On the winter solstice, just the opposite occurs: The sun is at its lowest in the sky. At this time, the sun’s rays hit part of Earth at an oblique angle, creating feeble winter sunlight.

 

Q: Why doesn’t the summer solstice fall on the same date each year?

A: The summer solstice in the Northern Hemisphere ranges in date from June 20 to 22. This occurs in part because of the difference between the Gregorian calendar system, which normally has 365 days, and the tropical year (how long it takes Earth to orbit the Sun once), which has about 365.242199 days.

To compensate for the missing fraction of days, the Gregorian calendar adds a leap day about every four years, which makes the date for summer jump backward.

However, the date also changes because of other influences, such as the gravitational pull from the Moon and planets, as well as the slight wobble in Earth’s rotation.

 

Q: Why isn’t the Summer Solstice — the longest day of the year — also the hottest day of the year?

A: Earth’s atmosphere, land, and oceans absorb part of the incoming energy from the Sun and store it, releasing it back as heat at various rates. Water is slower to heat (or cool) than air or land.

At the summer solstice, the Northern Hemisphere receives the most energy (highest intensity) from the sun due to the angle of sunlight and day length.

However, the land and oceans are still relatively cool due to spring temperatures, so the maximum heating effect on air temperature is not felt just yet.

Eventually, the land and, especially, oceans will release stored heat from the summer solstice back into the atmosphere.

This usually results in the year’s hottest temperatures appearing in late July, August, or later, depending on latitude and other factors. This effect is called seasonal temperature lag.

 

Q: What is Midsummer Day (June 24)?

A: Historically, Midsummer Day marked the midpoint of the growing season, halfway between planting and harvest. It is traditionally known as one of four “quarter days” in some cultures — folks celebrate by feasting, dancing, singing, and preparing for the hot summer days ahead. Read more about the ancient Quarter Days.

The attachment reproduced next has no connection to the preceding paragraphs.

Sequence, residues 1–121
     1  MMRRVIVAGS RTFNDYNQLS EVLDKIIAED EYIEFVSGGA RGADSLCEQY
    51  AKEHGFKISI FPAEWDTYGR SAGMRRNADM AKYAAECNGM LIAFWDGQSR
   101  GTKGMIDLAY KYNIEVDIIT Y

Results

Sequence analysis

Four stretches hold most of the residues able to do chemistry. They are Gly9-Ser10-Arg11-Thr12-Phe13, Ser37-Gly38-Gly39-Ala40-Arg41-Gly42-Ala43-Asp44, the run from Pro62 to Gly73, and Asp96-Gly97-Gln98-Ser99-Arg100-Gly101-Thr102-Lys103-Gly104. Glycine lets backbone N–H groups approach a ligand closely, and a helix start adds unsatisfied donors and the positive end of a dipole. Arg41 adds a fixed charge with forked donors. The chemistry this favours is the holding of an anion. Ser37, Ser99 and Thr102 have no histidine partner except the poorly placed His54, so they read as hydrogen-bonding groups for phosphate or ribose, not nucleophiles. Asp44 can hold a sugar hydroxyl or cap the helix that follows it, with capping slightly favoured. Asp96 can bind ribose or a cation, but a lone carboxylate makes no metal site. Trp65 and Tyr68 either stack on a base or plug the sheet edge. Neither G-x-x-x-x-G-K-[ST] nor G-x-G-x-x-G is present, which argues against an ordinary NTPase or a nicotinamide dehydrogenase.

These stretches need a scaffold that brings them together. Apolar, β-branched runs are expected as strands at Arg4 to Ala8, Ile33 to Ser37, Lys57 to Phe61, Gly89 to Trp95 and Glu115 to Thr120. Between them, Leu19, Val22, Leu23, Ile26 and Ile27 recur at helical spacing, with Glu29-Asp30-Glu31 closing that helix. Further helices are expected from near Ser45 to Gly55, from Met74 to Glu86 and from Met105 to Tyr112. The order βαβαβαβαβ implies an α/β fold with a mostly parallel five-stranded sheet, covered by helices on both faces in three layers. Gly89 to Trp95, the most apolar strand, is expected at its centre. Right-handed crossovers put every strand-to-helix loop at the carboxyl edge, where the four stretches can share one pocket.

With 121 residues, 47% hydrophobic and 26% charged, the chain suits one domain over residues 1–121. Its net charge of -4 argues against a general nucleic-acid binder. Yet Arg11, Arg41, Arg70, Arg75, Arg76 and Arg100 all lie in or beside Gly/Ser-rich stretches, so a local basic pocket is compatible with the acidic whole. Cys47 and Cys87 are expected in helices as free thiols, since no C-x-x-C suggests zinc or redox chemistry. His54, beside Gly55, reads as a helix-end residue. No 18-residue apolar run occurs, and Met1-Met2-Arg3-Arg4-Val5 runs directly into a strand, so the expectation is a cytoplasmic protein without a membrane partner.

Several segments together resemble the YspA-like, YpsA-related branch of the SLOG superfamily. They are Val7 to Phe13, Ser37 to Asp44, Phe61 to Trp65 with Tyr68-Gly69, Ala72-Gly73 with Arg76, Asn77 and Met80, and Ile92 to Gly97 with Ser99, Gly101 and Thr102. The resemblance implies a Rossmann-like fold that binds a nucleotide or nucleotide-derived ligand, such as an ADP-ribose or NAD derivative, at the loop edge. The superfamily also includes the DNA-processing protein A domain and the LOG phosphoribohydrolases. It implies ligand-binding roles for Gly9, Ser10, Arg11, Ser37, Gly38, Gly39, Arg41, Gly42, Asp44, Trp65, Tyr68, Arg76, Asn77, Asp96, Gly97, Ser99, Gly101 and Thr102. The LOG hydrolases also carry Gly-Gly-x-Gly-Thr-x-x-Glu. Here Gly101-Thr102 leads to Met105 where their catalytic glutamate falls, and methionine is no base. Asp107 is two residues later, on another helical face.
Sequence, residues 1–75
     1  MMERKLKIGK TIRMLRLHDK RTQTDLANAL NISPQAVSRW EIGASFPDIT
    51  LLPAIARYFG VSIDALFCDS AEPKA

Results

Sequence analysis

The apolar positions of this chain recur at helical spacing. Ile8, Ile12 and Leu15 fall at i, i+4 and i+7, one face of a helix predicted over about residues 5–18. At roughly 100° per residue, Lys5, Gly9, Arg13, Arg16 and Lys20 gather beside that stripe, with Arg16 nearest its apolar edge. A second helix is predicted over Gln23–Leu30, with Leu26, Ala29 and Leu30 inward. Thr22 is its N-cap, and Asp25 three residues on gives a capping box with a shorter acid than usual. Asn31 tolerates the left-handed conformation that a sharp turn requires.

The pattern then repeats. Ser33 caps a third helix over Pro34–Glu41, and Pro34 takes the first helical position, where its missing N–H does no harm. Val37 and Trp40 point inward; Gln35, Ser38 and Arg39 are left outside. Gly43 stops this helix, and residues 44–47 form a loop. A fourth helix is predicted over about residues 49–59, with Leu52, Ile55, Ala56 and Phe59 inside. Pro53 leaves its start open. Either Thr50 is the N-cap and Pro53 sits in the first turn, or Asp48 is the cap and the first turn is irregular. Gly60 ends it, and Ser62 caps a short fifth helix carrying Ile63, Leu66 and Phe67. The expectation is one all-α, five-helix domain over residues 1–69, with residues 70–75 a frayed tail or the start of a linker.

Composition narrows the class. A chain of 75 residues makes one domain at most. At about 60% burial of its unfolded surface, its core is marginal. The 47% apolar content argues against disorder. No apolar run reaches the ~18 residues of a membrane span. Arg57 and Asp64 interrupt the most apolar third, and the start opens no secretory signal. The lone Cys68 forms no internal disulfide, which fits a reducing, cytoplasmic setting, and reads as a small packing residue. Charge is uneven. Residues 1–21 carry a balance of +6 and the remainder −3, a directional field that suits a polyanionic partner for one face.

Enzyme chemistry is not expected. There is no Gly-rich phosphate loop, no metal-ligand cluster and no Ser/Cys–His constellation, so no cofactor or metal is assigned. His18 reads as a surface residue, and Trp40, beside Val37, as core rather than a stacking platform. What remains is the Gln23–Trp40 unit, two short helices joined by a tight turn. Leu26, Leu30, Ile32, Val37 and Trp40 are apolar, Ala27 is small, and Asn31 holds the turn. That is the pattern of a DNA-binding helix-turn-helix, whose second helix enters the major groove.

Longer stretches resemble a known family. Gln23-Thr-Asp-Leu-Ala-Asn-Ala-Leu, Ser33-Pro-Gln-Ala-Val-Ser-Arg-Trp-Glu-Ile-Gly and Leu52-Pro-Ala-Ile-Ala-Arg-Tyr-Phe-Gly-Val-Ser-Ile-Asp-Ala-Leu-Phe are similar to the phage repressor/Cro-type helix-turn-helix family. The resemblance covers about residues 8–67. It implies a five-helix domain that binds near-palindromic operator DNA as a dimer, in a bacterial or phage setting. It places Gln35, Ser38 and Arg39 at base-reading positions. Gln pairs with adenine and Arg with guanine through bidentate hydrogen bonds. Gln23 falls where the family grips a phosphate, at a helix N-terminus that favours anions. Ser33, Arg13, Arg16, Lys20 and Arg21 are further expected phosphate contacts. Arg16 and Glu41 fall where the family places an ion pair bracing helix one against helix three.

Solstice Fun Facts

• The solstice does not bring the earliest sunrise

• Although the day of the solstice has the most daylight hours of the year, the earliest sunrises of the year occur before the summer solstice.

• The exact timing will depend in part on your latitude: In the mid-latitudes of the Northern Hemisphere, it occurs about a week earlier than the June solstice.

• The reason for the timing of sunrises is related to the inclination of the Earth’s rotational axis and Earth’s elliptical (rather than circular) orbit.

• The latest sunsets of the year will occur several days after the solstice, again depending on latitude.

• The sun sets more slowly at the solstice

• Did you know that the sun actually sets more slowly around the time of a solstice, in that it takes longer to set below the horizon? This is related to the angle of the setting sun.

• The farther the sun sets from due west along the horizon, the shallower the angle of the setting sun. (Conversely, it’s faster at or near the equinoxes.) Bottom line, enjoy those long, romantic summertime sunsets at or near the solstice.